Throughout Mark, Jesus commands silence (often called the “messianic secret”). Many times after casting out demons, Jesus “would not permit the demons to speak, because they knew him” (Mark 1:34); that is, they knew that he was “the Holy One of God” (Mark 1:24), but Jesus didn’t want anyone hearing that from them. Jesus said something similar to his disciples (“And he strictly charged them to tell no one about him,” Mark 8:30) after they first articulated their belief that he was the Christ (Mark 8:29). Jesus wanted his true and full identity under wraps until he entered Jerusalem for his final week. So when Jesus enters Jerusalem on a donkey and the people declare that Jesus is the one “who comes in the name of the Lord” and shout, “Blessed is the coming kingdom of our father David!” (Mark 11:9–10), he doesn’t quiet them. They say this because by that point Jesus is making his identity publicly known. Prior to this day, he has asked people who have rightly perceived his identity to keep quiet.3 But now, as Jesus enters the holy city, the secret is out! Now people can learn who he is and witness why he has come.

5. Mark moves quickly to the cross.

Mark uses a word translated “immediately” (euthys) forty-one times. It is used only ten other times in the whole of the New Testament. He employs this word to get the reader’s attention (“Hey, take a look what is happening next!”) but also to move the story along at a fast clip. He does the same with the word “and”—starting many sentences with “And” (too many to count!) and even the phrase “And immediately” (fourteen times). Of interest and import, the last time we read the phrase “and immediately” is after Peter’s denials (Mark 14:72). The very next verse (Mark 15:1) begins the passion narrative, where Mark intentionally slows down so we might ponder the sacrifice of the Son for our salvation.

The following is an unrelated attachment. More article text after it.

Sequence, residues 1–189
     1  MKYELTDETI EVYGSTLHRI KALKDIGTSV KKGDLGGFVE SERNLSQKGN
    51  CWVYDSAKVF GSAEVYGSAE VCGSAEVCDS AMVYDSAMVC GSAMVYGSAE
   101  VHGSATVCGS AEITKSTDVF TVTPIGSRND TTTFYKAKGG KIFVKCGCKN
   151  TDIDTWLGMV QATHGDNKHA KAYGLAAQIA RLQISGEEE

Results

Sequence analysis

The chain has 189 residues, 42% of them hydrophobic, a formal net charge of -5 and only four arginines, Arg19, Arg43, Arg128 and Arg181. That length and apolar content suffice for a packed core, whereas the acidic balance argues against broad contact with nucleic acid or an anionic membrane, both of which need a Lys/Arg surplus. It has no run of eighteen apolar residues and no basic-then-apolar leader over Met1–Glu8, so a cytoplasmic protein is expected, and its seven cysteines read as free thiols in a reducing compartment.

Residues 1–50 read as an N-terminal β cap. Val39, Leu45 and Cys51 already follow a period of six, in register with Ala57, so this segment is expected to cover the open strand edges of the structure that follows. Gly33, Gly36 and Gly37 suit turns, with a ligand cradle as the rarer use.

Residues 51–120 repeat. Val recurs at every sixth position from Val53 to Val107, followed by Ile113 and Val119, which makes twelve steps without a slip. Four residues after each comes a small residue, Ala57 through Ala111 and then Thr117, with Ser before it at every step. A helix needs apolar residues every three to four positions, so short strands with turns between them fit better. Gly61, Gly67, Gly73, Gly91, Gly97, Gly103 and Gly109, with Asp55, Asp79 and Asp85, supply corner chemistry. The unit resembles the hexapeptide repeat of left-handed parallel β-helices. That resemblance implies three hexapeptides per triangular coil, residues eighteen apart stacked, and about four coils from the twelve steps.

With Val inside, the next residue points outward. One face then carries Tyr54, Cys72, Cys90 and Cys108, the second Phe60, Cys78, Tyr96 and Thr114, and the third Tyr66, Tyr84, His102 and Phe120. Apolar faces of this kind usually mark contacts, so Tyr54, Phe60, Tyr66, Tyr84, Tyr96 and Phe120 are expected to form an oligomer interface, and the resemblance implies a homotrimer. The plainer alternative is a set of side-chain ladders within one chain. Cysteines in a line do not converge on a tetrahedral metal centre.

6. Mark connects Christ crucified with Christian cruciformity.

Mark 10:45 is often considered the book’s key verse: “For even the Son of Man came not to be served but to serve, and to give his life as a ransom for many.” As pointed out above, the cross of Christ is clearly front of mind for Mark. After Peter answers Jesus’s question “But who do you say that I am?” by confessing, “You are the Christ” (Mark 8:29), Jesus points them to his mission: “The Son of Man must [it is of divine necessity] suffer many things and be rejected by the elders and the chief priests and the scribes and be killed, and after three days rise again” (Mark 8:30). Then, after Jesus teaches that he must be crucified, he proceeds to teach that Christians are to be cruciformed (Mark 8:34–9:1). I like how Frederick Dale Bruner (reflecting on this text) answers the question “What makes a Christian a Christian?” by saying that there are two qualifications:

  1. Confessing Jesus as Christ (Christo-centricity)